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Choosing death in unjust conditions: hope, autonomy and harm reduction
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  • Published on:
    Kevorkian’s ghost: A response to Wiebe and Mullin’s argument for MAiD for the oppressed

    Philosophical arguments about autonomy and Medical Assistance in Dying (MAiD), such as those recently espoused by Wiebe and Mullin [1] in the BMJ Journal of Medical Ethics are deeply troubling in their implications and flawed in their considerations.

    In a nutshell, Wiebe and Mullin argue that MAiD can be a ‘harm-reducing’ embrace of individual autonomy to avoid prolonging suffering in oppressed people who cannot access adequate socioeconomic resources. They speak specifically to the application of Bill C-7 MAiD, also known as not-reasonably-foreseeable-natural-death or Track 2, which is for people with chronic physical conditions causing suffering but not death. They argue that even though a person may be poor or have limited options, they can still hold and express autonomy to request and receive death. Death, in their formulation, is the least bad option for people suffering social inequality in an unjust world.
    Theirs appears as the latest in a series of recent papers attempting to use autonomy arguments to justify MAiD access under an expanding range of circumstances. Davis and Mathison [2], for example, argue that a person's ‘welfare condition’ is irrelevant to the ‘moral permissibility’ of MAiD. Braun similarly argues for the ‘provision of assisted suicide (but not euthanasia) as justified when it is autonomously requested by a person, irrespective of whether this is in her best interests’ [3].

    These are not new arguments.

    Thirty year...

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    Conflict of Interest:
    None declared.
  • Published on:
    Hopeless hope, autonomy, and anthropology: a response to Wiebe and Mullin

    Wiebe and Mullin argue that autonomous individuals requesting MAiD because of “unjust social circumstances” or “oppression” should receive MAiD as part of a “harm reduction approach.”

    To successfully defend this thesis, one would be required to defend a particular understanding of autonomy and harm. As these authors note, these terms are notoriously difficult to define. The authors assert that “acting autonomously…requires hope,” the implication being that a truly hopeless person cannot be meaningfully autonomous. The authors subsequently argue, in seeming contradiction, that “people whose reduced opportunities have led them to lose all hope” are autonomous decision makers. Their attempt to resolve this tension involves asserting that the act of pursuing MAiD is, itself, evidence of “engaged hope.” This runs directly contrary to the witness of patients in these circumstances, who cite despair and hopelessness as their motivation. It is an idiosyncratic and paternalistic (and therefore ironic) understanding of hope that suggests that patients who report a desire for MAiD because of hopelessness are, contrary to their own feelings, hopeful and therefore autonomous.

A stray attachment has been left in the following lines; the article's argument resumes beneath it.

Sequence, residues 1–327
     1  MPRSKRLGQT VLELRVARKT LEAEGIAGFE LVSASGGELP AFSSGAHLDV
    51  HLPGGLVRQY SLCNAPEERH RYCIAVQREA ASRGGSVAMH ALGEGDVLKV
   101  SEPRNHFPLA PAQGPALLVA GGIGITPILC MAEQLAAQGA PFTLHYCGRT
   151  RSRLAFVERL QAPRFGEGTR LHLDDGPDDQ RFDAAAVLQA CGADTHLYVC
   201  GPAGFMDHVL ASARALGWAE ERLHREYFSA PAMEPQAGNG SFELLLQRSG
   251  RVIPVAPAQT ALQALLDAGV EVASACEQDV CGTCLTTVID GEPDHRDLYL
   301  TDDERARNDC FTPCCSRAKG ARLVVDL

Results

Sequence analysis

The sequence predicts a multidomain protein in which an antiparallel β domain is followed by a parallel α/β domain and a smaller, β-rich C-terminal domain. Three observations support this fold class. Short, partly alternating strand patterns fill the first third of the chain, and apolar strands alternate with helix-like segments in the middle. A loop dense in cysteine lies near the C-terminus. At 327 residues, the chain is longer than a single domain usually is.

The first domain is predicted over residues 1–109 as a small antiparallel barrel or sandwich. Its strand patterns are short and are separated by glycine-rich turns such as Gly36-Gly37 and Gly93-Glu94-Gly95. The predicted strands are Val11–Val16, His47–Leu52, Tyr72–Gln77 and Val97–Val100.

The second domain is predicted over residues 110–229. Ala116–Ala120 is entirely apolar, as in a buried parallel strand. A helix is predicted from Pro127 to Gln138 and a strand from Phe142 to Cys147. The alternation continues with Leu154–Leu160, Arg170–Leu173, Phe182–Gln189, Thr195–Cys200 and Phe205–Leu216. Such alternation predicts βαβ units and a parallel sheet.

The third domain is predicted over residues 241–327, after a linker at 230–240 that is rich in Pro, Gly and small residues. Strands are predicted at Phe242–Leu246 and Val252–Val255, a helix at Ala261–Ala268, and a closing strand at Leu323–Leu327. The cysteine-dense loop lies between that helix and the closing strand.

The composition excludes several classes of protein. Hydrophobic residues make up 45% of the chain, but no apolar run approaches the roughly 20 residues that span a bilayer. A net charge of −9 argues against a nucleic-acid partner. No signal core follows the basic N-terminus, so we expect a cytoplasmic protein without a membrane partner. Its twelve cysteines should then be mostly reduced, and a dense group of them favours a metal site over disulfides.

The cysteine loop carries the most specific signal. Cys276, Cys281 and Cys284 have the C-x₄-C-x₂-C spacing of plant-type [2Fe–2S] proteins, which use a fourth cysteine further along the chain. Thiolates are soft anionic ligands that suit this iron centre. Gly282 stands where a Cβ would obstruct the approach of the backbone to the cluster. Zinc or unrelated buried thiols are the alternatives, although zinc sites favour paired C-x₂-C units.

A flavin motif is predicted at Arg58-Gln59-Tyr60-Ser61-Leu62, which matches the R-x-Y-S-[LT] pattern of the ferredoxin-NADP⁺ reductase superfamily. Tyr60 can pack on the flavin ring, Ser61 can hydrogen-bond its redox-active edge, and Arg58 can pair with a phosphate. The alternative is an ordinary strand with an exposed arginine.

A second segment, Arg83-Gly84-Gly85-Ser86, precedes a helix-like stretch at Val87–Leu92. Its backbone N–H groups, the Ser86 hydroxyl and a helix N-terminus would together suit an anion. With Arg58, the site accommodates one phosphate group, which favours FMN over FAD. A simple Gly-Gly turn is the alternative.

It may be helpful to think in particulars. In my work as a physician and ethicist in Canada, I have encountered the type of cases that Wiebe and Mullin allude to. In a representative case, a previously able-bodied individual experienced sudden, inexplicable neurological illness that caused significa...

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    Conflict of Interest:
    None declared.
  • Published on:
    "harm reduction" for harmful ethics.
    • Thomas Koch, medical geographer and ethicist University of British Columbia

    In a recent article two Canadian ethicist/philosophers argued the appropriateness of granting early medical termination (MAiD) to those requesting it because of poverty or a lack of socioeconomic or institutional resources. These are those who would prefer to live but only with unavailable support services ranging from housing to social or rehabilitative and housing resources.

    That the ethical focus should be on the a lack of resources so severe as to make life seem intolerable is not considered by these authors or most other ethicist/philosophers. They assume limited resources are fixed and institutionalized. This ignores the long history of medical and social activism begun in the mid-1800s--Rudolph Virchow being the most famous example--that focused on the failure of social support rather than the inevitable deaths that resulted. If one were to take ethics seriously, the issue would not be permissiveness but activist arguments in that earlier tradition for the care required by the fragile and vulnerable. It is thus that was lost--what Jane Adams called the 'guardianship function' when bioethicists sought successfully to disparage the ethical engagement of physicians involved in patient care.

    Alas, an ethics of 'least harm' that accepts the status quo driving individuals to seek an early death is really no ethic at all. It's simply an acceptance of an unacceptable status quo that in ethics, should be the focus.

    Conflict of Interest:
    None declared.

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